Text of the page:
Month: May 2013
A loyalty to our experience
When we practice meditation we are strengthening our ability to be steadfast with ourselves. No matter what comes up — aching bones, boredom, falling asleep, or the wildest thoughts and emotions — we develop a loyalty to our experience. We sit under all kinds of circumstances — whether we are feeling healthy or sick, whether we’re in a good mood or depressed, whether we feel our meditation is going well or is completely falling apart. As we continue to sit we see that meditation isn’t about getting it right or attaining some ideal state. It’s about being able to stay present with ourselves. It becomes increasingly clear that we won’t be free of self-destructive patterns unless we develop a compassionate understanding of what they are.
Pema Chodron, The Places that Scare you
Focus on what you can do
I first heard the phrase “just start over” from Sharon Salzburg….who told us about her own struggle with learning to meditate – how she would become lost, distracted, and discouraged and would constantly second-guess herself and her teachers. Gradually she learned to pay no attention to the mental and emotional chatter and to just start over by meditating on her breath as she had been instructed. “Just start over” became her mantra, which she now teaches to her students.
As you know if you’ve ever tried to meditate, the mind is constantly being pulled away from its object of concentration by bodily sensations and mental activity, causing you to lose awareness of the present moment. In this same way, when strong feelings arise during your daily life, you get swept up in the story they create. You lose the awareness that enables you respond skillfully to events and that gives you peace of mind in the face of difficulty….. You have the mistaken notion that you must know why you have a problem and must get rid of it before you can act in a more self-empowering manner. “Starting-over” practice takes a different approach. It switches your focus away from dwelling on those characteristics that limit you and redirects it toward recognizing your strengths from which you can realize your potential…. In so doing, you free yourself from your judging mind that thinks it can control results and creates the grandiose expectation that you can do more than you can do in the present moment. You become a more effective person by simply learning to use your time and energy to do what you can do right now.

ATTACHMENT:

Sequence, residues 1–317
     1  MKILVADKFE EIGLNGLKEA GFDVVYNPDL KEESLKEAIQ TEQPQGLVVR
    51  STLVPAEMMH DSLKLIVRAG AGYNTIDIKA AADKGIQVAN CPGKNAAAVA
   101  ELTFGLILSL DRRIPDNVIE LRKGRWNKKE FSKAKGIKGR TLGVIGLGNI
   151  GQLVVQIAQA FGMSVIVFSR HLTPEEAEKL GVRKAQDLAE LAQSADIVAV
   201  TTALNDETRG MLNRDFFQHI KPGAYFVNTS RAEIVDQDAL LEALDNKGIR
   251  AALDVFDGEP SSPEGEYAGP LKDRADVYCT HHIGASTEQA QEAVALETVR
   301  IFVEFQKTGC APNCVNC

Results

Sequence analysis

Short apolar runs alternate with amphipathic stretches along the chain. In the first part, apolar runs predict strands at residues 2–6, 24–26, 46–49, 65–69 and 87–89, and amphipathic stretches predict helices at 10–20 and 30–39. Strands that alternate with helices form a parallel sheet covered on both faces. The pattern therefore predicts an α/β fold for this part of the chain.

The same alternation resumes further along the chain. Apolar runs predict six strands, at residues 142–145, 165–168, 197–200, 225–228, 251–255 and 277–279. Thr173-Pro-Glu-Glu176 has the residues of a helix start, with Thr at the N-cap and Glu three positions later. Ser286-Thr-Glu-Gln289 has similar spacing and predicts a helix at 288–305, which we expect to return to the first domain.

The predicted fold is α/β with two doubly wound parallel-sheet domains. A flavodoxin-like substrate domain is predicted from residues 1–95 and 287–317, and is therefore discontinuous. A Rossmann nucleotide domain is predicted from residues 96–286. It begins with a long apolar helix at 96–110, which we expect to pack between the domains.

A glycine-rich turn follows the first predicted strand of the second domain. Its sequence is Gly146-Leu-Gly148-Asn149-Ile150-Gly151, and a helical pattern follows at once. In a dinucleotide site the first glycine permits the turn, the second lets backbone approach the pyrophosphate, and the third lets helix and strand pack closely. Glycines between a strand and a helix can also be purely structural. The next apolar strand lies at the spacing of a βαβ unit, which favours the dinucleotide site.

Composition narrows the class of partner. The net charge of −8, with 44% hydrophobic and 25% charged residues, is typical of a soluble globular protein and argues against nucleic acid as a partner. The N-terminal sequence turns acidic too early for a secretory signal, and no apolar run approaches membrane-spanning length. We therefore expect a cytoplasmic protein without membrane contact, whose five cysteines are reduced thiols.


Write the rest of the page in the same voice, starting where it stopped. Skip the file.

photo serge melkei
Doing less today
We do less by taking the time to rest mentally and physically in between or outside of our usual activities, perhaps instituting a regular practice of meditation, retreats, breaks, and reflection.
We do less by pausing in the midst of activities: mindfulness practice (such as coming in touch with our breath in between reading or sending emails) and walking meditation are two examples.
We do less by identifying and reducing unnecessary activities. In this case, “unnecessary” means those things that are not in alignment with what we want to accomplish.
Marc Lesser, Accomplishing More by Doing Less
Concepts of how I should be
Self-love involves a yes to myself in whatever I am going through, instead of holding on to some concept of what or how I should be. Any idea I have about who I am or who I should be is never accurate, for it always falls short of the living presence that I am, as this unfolds freshly in each new moment. Who I am is not a fixed entity but a dynamic stream of experiencing that is alive in every moment – when I let myself happen.
Living too many lives
“Ain’t you thinkin’ what’s it gonna be like when we get there? Ain’t you scared it won’t be nice like we thought?”
“No”, she said quickly. “No, I ain’t. You can’t do that. I can’t do that. It’s too much – livin’ too many lives.
Up ahead they’s a thousan’ lives we might live, but when it comes, it’ll on’y be one”.
John Steinbeck, The Grapes of Wrath